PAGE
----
So the good folks at Holodeck (gotta be one of the most underrated labels on the planet eh?) were awesome enough to do up a beautiful tape edition of Survive’s self-titled full-length that Mannequin put out on wax last year. I was lucky enough to review the LP for Experimedia and had this to say:
Whoa. The Mannequin label is a relatively new one to me, but with Survive’s self-titled debut LP, they’ve set the mark pretty damn high. This album is full of synth-heavy soundtrack/horror sentiments, drifting from sounding futuristic at times to fully-immersed (via time machine) in the mid 80s. Survive hail from Austin, Texas, but it makes a lot of sense that this album was put out by an Italian label as it’s soaked in Euro flavor. From the atmospheric rotation of album opener, “Deserted Skies,” straight through to the celestial neon triumph of “Dirge,” the narrative here is laid on thick and with great affect. “Floating Cube” (which is such a great title) is a drum machine-laden flight through mountains of arpeggiated melodies. It’s simulataneously ethereal and colossal. Adding in airy, formless pieces like “Shunting Yard” and “To Light Alone I Bow” works well and gives the album more meat on its bones. The mix of the in-your-face bassline and swirling, heavily-effected vocals on “Hourglass” is intoxicating. Everything about the song is raw and cut on a diamond edge then fed through an endless array of chemically-altered transistors. This is what the future used to sound like, full of bombast and drama, but executed with such precision that it’s music that only machines could make. Survive are well and truly onto something with their debut album here. Incredible record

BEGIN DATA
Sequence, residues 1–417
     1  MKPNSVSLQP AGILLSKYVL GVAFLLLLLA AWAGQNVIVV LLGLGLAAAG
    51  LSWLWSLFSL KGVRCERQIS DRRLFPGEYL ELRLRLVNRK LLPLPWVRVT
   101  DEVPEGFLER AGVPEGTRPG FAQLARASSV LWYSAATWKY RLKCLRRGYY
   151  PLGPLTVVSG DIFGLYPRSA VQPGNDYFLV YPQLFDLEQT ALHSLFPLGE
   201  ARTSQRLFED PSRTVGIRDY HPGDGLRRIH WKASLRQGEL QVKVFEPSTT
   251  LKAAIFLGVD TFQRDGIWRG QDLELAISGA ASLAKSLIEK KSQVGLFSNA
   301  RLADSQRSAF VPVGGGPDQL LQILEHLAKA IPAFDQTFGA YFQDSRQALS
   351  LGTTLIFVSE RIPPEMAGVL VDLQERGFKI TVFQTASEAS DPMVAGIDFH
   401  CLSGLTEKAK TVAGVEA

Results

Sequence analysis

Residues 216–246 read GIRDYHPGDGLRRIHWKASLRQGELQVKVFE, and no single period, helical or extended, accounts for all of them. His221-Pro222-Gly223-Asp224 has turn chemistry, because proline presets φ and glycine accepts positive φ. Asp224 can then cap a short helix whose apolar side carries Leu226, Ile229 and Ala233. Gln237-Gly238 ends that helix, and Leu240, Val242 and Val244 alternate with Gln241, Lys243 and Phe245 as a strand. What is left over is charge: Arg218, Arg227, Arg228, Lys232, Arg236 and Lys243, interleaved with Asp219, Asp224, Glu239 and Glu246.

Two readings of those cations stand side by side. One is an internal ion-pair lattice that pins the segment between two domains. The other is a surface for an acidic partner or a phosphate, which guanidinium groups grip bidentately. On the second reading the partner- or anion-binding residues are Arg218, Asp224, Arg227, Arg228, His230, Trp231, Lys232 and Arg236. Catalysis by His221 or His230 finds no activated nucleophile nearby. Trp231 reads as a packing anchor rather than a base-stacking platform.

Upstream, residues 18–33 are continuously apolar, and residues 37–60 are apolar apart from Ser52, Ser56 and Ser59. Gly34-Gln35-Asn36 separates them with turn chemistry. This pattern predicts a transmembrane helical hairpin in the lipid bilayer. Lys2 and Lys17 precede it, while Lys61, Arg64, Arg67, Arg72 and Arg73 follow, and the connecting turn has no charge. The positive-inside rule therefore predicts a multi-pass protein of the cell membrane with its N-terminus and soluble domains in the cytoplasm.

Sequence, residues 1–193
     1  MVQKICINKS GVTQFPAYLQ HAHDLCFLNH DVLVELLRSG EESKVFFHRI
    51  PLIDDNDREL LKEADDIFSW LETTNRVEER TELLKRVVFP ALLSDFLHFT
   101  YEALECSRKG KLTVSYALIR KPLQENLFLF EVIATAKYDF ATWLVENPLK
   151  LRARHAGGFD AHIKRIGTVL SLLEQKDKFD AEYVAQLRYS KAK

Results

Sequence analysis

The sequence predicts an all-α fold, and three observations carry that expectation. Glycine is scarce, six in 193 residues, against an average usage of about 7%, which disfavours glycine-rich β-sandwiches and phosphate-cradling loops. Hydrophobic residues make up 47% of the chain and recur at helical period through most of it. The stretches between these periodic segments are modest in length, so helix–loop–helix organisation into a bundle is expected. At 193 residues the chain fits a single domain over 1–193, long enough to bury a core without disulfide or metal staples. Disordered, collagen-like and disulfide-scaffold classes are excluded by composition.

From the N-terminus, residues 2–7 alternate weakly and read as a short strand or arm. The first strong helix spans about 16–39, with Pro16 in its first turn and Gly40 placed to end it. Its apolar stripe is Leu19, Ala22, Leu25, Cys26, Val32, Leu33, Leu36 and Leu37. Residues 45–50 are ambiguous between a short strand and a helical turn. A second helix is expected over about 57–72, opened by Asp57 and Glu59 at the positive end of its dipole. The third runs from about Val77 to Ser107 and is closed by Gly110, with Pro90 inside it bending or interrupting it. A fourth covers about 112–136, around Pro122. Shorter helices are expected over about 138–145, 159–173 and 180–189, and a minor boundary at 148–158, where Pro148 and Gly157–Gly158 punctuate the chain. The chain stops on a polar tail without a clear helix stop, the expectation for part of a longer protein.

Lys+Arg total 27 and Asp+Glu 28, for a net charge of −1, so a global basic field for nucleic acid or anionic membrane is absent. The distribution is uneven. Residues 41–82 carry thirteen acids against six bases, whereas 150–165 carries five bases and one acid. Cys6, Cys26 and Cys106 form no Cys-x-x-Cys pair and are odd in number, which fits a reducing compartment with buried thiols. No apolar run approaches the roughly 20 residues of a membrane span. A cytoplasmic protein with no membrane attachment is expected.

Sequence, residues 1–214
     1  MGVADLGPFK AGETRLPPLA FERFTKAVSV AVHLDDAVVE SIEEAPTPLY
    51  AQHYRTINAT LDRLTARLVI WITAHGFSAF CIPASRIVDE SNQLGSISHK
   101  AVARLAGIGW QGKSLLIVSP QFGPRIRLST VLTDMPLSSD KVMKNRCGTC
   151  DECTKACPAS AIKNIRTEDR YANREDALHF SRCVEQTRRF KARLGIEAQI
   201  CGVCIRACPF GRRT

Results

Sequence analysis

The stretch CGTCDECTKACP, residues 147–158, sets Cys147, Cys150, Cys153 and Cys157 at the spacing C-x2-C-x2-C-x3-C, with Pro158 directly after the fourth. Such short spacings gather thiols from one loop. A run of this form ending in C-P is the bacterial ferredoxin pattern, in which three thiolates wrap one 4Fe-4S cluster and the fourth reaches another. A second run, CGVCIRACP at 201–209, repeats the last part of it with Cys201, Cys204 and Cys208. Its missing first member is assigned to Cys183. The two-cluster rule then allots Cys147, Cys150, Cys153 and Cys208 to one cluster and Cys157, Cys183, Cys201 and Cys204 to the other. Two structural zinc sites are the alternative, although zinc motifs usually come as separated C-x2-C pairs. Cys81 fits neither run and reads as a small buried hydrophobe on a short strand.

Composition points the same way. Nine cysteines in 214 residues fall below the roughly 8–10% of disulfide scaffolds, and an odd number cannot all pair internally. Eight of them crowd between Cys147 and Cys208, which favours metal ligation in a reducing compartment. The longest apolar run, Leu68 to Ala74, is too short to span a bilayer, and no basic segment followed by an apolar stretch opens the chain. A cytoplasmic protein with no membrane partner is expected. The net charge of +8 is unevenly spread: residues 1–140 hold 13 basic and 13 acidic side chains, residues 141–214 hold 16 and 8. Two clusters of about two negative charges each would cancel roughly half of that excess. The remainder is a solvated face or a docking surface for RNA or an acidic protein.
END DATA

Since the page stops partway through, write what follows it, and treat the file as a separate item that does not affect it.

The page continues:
I would hasten to add that as a person who reads a lot of science/speculative fiction, this album has been a great accompaniment to a lot if it. There’s this underlying sense of unease and tension throughout the album (I can’t stress enough the excellence of its sequencing and the role that plays in the subtle, but still explicit build-up of those elements) that adds suspense. On the surface one might be quick to paint this into a corner with the bevy of retro-pastiche-synth-blah that crops up on a daily basis, but Survive is so much more than that… so much more.
Also of note is the relation that Survive has to Holodeck’s true heavyweights, Troller. That Troller LP is my favorite thing in 2013 so far and if you’re a fan of that, you’d be wise to check this out.